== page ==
The rise of wearable technology

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The rise of wearable technology

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Businesswire has surveyed the rate by which consumers are taking to wearable technology — the first such survey it has ever conducted — and they have come up with some notable findings.

In a report issued late last month, the organization found that Americans are ready to share their personal health data and that interest around wearable technology is high, given the transition of tech culture out of the smartphone era.

“81 percent of consumers would use a wearable health device,” Businesswire said. “90 percent of consumers would share health data in order to help researchers develop or better understand a disease, or improve treatment options.”

The growth of wearable technology means that in the not-so-distant future, the concept of personal privacy will be re-assessed. Standard recording devices will become obsolete, information can be accessed in half the time that it takes currently, and keeping people from recording content will become harder or impossible to control.

And though there are many benefits to the recording of communication, sleep patterns and fitness routines, it is worth noting that there is a privacy trade-off that comes with it.

Still, it is clear that major resistance to the devices have already developed, predominately with the buzz emanating around Google Glass.

As Google Glass begins to slowly make its way out of Google’s top secret Research & Development labs and into the hands of consumers, outside app developers, the press and even some lucky members of the general public, it is eliciting many charged reactions.

Obed Vazquez, instructor and dean of the social sciences division at Diablo Valley College voiced that how people are using technology in the classrooms is something that is of a rising concern, as Google Glass has already been seen on our campus.

“The main concern is about privacy use in the classroom, the glasses were being used by the student, and it just arose questions in terms of how we use technology in classrooms,” Vazquez said. “We can’t be recording in a classroom without permission — in the classroom it is sort of like that public/private divide. The people are there for instruction, not to be there for taping and release on Youtube the next day.”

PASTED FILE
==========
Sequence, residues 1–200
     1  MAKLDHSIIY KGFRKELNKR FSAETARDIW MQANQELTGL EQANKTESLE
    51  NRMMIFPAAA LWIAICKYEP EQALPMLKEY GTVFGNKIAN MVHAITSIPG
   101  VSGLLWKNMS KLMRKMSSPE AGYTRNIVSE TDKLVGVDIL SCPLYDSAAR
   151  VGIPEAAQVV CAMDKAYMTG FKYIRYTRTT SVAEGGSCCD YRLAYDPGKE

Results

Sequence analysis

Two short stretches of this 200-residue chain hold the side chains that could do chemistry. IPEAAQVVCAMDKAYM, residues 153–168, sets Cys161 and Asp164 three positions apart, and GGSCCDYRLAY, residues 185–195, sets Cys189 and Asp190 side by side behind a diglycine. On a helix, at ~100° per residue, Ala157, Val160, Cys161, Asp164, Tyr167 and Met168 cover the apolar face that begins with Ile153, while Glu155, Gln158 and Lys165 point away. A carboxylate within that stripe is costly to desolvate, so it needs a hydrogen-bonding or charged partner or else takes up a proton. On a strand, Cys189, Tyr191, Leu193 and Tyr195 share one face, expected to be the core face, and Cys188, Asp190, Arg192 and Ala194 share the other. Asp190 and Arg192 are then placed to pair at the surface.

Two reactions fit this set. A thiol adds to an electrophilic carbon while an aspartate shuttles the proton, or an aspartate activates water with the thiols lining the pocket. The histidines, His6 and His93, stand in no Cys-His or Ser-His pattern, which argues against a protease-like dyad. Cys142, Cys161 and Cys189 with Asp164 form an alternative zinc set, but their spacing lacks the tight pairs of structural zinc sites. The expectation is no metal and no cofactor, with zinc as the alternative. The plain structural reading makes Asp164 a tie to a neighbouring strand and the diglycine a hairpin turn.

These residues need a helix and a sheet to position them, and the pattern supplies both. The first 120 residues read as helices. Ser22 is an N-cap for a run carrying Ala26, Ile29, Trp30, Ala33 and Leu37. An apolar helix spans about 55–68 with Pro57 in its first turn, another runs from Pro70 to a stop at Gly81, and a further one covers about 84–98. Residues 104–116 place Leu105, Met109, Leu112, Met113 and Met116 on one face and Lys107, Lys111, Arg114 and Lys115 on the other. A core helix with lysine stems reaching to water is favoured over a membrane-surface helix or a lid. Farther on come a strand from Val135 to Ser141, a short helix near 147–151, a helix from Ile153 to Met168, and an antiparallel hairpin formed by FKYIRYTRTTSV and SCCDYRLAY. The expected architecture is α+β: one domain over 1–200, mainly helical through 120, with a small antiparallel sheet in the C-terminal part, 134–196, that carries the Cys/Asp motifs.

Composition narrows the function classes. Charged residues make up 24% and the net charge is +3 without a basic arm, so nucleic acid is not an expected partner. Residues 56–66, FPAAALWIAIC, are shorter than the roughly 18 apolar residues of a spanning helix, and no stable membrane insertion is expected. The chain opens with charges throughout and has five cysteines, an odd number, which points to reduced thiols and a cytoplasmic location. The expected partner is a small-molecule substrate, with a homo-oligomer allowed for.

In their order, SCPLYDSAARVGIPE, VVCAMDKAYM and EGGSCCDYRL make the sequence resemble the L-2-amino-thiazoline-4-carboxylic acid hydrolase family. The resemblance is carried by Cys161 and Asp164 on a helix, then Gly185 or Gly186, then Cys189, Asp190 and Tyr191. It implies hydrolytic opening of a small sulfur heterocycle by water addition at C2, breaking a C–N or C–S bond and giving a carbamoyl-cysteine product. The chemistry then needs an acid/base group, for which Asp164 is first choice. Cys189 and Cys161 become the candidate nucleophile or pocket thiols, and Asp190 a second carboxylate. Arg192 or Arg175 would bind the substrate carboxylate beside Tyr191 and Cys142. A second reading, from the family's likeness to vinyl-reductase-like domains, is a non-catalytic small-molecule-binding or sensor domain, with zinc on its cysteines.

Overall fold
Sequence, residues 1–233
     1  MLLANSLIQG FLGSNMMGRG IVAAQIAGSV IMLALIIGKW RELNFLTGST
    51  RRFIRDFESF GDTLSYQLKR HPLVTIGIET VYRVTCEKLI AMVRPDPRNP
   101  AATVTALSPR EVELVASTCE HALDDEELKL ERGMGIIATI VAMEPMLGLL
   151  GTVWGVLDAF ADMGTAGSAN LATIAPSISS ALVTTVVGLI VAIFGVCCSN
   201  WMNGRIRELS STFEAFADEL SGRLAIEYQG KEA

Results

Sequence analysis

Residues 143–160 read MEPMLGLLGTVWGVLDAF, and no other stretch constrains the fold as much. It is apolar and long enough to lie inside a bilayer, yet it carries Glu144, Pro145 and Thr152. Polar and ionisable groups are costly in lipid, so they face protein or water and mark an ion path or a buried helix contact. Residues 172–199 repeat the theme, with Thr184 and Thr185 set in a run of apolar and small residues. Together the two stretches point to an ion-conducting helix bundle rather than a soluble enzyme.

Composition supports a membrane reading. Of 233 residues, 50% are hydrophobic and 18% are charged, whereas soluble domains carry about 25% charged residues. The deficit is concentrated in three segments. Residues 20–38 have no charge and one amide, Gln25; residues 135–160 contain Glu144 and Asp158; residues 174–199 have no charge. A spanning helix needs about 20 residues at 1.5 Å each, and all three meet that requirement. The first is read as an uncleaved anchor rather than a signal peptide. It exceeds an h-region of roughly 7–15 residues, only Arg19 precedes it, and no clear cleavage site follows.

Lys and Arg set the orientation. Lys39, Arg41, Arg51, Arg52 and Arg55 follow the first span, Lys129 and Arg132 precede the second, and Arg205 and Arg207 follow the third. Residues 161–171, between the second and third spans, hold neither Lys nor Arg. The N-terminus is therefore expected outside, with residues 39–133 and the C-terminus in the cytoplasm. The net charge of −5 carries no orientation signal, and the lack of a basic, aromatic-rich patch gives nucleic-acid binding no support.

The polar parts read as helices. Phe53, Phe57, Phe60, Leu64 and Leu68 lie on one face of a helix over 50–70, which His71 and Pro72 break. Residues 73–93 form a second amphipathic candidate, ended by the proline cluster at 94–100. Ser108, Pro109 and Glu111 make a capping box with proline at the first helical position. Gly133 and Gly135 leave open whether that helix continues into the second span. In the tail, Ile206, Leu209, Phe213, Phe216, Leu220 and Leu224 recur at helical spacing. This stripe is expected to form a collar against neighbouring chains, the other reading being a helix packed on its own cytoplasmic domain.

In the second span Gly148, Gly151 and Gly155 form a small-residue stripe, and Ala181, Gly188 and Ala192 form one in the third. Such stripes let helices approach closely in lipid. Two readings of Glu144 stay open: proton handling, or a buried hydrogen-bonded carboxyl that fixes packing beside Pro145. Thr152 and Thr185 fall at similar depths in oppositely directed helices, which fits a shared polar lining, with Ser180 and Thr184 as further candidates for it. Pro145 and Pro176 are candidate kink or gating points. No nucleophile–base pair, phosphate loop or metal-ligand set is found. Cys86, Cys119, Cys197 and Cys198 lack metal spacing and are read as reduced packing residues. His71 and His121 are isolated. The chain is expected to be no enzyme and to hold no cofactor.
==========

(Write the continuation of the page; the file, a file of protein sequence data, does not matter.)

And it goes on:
Google Glass aside, wearables can also be sported on various parts of the body. The head, upper body, wrists and feet — all of which entertain smartwatches, biometric monitoring devices and wearable cameras. These are just a small glimpse of the new wearable era that is fast approaching.

All of these conjure up the concern of conflict and privacy. Yes, the technological industry needs to be encouraged to develop software that shares information, but to a point where ethics are involved. People should be well aware of their privacy, or lack thereof, that comes when purchasing wearable technology. The world is approaching a shift in eras that will be outlining and defining the traditional view of privacy and just how much the public values it as such.

Tom Buehrer, senior vice president at TNS  puts it well, “The main challenge lies in convincing people of its value and developing a device with mass appeal. The future of computing will be wearable, the question is, which kind of computers will people actually wear?”

Technology has connected millions over the past several decades. Now, rampant growth with a lack of privacy awareness threatens to undermine the concept of privacy itself — and wearables may be the approach that re-defines it entirely.

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